Yes, You Can: The Skills To Get Your Business Off The Ground
The first few years are crucial for a business to observe and find ways to optimize operations. Timothy Carter cites that 20% of small businesses fail within the first year, and about 30% by the end of the second year. What constitutes failure varies across different businesses. These can range from economic factors such as inflation, consumer confidence, employment, and economic growth and development to clerical oversights, poor planning, and industry variance. While it may be daunting to launch a business idea into a lucrative operation, especially with volatile external factors, remember that success is predicated on having the skills needed to sustain your business in the long run. Here are four skills you will need to stabilize and support your business:
Creativity Approaching solutions methodically is only one way to go about growing your small business. Creativity, on the other hand, can help unlock a new perspective on your market, push you to diversify your product lines, and make sure these offerings differentiate themselves from your competitors. Another benefit of creativity is that it fosters an environment that's inclusive, adaptive, and encouraging. Since smaller businesses work closely with their local communities, they have a good grasp of the needs of their customers. Products and services can be tailored to cater to the specific shortcomings customers are seeing in their retail experience. In that regard, our Copper and Brass Paper Goods’ products are unique in that they highlight entrepreneur empowerment through their gorgeous illustrations. Our brand creator Ariel Young saw the lack of diversity in paper goods and stationery and created thoughtful products that could address this gap. Our product line is extensive, offering wrapping paper, greeting cards, accessories, and other small paper goods to their customers in a wide variety of designs. Through creative takes, we make sure that each type of business owner can find a design that suits and emboldens them.
Risk-taking is necessary to keep your small business afloat. However, risky decisions have to be backed by data and comprehensive market analysis for them to work. Data-driven decision-making can be utilized to predict business outcomes, monitor product performance, and identify profitable opportunities. Recognizing profitable opportunities means being adept at reading data. A Maryville University list of successful entrepreneur traits describe analytical skills as critical for creating a viable business concept. Analytical skills require effective research, as in gathering market data, and critical thinking— which scrutinizes the logical patterns in the data to turn them into something usable. In effect, entrepreneurs are able to recognize an unfulfilled niche and create a product or service which can fill that gap by analyzing the market and the conditions that influence it.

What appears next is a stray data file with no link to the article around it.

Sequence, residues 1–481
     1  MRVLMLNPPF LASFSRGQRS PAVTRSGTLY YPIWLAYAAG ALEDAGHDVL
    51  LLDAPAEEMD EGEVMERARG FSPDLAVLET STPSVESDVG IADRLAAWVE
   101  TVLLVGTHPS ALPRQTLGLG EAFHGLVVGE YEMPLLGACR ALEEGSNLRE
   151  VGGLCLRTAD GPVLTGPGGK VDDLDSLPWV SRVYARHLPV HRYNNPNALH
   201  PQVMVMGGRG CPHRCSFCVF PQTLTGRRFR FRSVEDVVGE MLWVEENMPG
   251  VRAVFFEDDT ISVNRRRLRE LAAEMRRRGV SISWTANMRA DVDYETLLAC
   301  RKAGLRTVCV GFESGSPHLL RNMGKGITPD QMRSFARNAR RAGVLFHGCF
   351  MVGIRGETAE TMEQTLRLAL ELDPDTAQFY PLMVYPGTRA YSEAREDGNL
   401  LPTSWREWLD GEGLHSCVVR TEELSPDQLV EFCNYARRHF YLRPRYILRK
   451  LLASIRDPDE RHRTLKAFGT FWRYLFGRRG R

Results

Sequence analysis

Versatility Maryville University also indicated another key entrepreneurial characteristic: versatility. This can mean wearing several hats at once. An example would be a computer coder who can not only conceive an app idea and write its business plan, but is also able to design captivating graphics and market the product to potential investors and customers. This is particularly important for small businesses that need to operate with leaner teams. Of course, versatility applies to how you run your operations as well. One thing you might want to consider is a pop-up retail model. ABC7 reports that small businesses have grown and expanded by participating in pop-up events. This is because the community reception and engagement found in these events can promote small and local brands. Likewise, small businesses can save on costs by opening a short-term store. Pop-up stores have a smaller retail footprint so rental rates are more reasonable.
Money management Proper money management includes bookkeeping, projections, financial statements, and financing. All of this helps you make sound business decisions by recognizing how much profit you’re making and reviewing how much you should allocate for inventory purchases, employees, and equipment. Information gathered can also help set your prices, diversify your product lines, and reach new markets. Small business owners should be proactive in handling their finances in the first year. Chron outlines how the rule of thumb for entrepreneurs - during the first year of running your own business successfully you will take less than your prior salary, and re-invest most of your net revenue back into the business. A starting business that doesn’t manage this well can easily find themselves in debt. For one, a working capital should not be overlooked. As your business grows, the amount of working capital cycling through the business which funds your operations should also increase. Additionally, the SBA emphasizes that fixed assets consume working capital, either through down payments or monthly loan payments. It’s important to rid yourself of the assumption that you need to purchase fixed assets to grow your business. In fact, a better recourse may be buying used assets or leasing the assets as you work to get your business off the ground. If you are thinking of starting a business soon, we hope the above article will give you a good idea of the skills you will need.
Article written by Remy Anne James
Exclusively for Copper and Brass Paper Goods